“I wonder if our nation and military today has the same intestinal fortitude as those Korean War Vets,” said Army National Guard Brigadier General Jim Ernst as he pinned a Purple Heart Medal on Korean War Veteran Joseph E. Ford.
Ford, a Rutherford resident, received his Purple Heart Medal, a Prisoner of War Medal and a Republic of Korea Service Medal Saturday, January 19 at the Asheville VA Community Living Center. Ford was captured in Korea February 13, 1951 and released two years later on August 8, 1953.
Veterans Legacy Foundation President John Elskamp said it took 60 years for Ford to receive his Purple Heart because there was no record of his wound. According to, Elskamp, Ford was wounded before his capture by shrapnel in his hip. Fearing poor treatment, Ford chose not to report his wound to the North Koreans. Upon release he was given the option to go to Japan for treatment, but again decided not report the wound.
“The shrapnel is still in his hip,” said Elskamp who added that Ford had been on at least 2 death marches similar to the well known Bataan Death March of World War II. He said they used the injuries known to be inflicted on US soldiers during the death marches to re-submit for Ford’s Purple Heart through Senator Kay Hagan’s office.
Approximately 150 people attended the award ceremony including several chapters of Rolling Thunder, INC. whose mission is to support repatriation of American Prisoners of War and those missing in action. Other former prisoners of war attended the ceremony, including Franklin resident and former Vietnam POW, Nathan Henry, Korean war POW’s Baily Gillespie and Emmett Harrison.
Korean War Veteran Bob Bostwick of Greenville, S.C. told his story of being captured when his machine gun burned up. Bostwick said managed to escape two days later using his boot knife to overpower and, “… do away with,” his two captors.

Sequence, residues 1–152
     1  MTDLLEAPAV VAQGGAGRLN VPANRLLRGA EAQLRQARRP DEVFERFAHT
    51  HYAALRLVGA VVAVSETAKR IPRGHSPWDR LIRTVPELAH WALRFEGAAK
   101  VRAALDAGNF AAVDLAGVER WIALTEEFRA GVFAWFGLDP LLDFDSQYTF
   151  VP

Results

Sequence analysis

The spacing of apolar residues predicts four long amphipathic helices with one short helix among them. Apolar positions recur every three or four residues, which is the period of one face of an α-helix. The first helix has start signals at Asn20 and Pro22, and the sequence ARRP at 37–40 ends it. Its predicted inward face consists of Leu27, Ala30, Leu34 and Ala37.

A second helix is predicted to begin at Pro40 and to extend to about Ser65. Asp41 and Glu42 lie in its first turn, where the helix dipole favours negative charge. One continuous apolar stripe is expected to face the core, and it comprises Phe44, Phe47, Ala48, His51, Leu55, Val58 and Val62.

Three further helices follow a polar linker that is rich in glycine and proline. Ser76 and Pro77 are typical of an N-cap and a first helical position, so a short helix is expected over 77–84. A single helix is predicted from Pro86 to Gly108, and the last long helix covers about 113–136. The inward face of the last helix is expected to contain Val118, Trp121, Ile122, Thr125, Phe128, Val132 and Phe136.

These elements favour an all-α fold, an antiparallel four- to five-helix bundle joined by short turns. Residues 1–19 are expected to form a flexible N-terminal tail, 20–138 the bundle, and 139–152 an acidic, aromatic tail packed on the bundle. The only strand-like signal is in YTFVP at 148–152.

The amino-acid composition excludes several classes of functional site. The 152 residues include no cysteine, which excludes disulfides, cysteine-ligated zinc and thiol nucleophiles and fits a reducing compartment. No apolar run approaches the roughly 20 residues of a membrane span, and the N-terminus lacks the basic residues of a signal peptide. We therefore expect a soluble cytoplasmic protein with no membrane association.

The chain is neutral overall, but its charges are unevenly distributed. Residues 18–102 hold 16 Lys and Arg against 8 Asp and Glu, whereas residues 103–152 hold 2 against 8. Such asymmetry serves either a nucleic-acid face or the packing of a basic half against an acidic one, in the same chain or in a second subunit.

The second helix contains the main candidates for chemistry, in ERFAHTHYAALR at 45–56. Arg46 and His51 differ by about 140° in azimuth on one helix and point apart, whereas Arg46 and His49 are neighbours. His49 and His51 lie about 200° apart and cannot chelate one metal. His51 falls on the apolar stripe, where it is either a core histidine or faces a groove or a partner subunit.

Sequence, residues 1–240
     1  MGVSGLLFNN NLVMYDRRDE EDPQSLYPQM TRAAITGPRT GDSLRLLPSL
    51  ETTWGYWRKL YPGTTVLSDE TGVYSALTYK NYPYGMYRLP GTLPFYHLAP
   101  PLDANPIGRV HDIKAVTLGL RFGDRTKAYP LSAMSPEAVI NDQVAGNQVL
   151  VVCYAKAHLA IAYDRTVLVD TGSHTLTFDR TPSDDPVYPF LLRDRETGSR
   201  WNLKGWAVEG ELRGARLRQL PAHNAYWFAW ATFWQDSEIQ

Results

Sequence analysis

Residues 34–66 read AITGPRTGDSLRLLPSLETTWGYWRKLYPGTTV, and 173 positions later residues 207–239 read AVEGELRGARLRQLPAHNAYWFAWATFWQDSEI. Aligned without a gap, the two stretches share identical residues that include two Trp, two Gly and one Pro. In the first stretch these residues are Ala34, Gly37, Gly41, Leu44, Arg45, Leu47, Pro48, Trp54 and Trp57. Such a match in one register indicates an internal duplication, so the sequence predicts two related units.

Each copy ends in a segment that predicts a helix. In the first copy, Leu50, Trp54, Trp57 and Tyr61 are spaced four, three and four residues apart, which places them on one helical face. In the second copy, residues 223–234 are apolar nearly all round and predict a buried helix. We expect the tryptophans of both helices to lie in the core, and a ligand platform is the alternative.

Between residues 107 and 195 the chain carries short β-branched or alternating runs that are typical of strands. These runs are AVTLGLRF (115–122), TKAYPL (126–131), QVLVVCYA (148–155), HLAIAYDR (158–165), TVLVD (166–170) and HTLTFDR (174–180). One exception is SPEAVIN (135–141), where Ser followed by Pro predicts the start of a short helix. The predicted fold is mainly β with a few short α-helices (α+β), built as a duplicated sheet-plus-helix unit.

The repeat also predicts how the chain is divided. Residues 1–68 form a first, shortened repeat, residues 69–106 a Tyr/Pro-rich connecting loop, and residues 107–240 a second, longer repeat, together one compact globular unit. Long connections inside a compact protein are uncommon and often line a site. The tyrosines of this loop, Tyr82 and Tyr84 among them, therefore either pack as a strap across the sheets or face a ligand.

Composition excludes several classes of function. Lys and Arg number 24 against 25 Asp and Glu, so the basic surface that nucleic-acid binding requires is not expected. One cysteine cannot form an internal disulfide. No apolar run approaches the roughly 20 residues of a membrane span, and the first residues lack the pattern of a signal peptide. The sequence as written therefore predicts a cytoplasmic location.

“I didn’t talk about it for 50 years,” he said. “But now I’m gradually coming out of my shell.”
The support the Veterans give each other is making it possible for many to now receive the recognition they deserve. It is this same kind of support that helped Ford, and many others like him, live through the hell of enemy prison camps.
“We took care of one another,” said Ford as his eyes took on a sad and distant look. “It was hell.”
Ford expressed heartfelt appreciation to all the veterans and officials that made the award ceremony possible and to those who attended Saturday. But most of all he expressed concern for our soldiers who are currently serving a long way from home.
“We need to bring our soldiers home,” Ford said.
Vietnam Veteran and Purple Heart recipient, Al Evans, who had the honor of escorting Ford during the ceremony, said he wished the government would bring home the MIA’s and POW’s who are still not returned.
“A lot of Vietnam POW’s and MIA’s were taken to China and the Soviet Union. We need to demand the government [US] quit denying they’re there,” Evans said.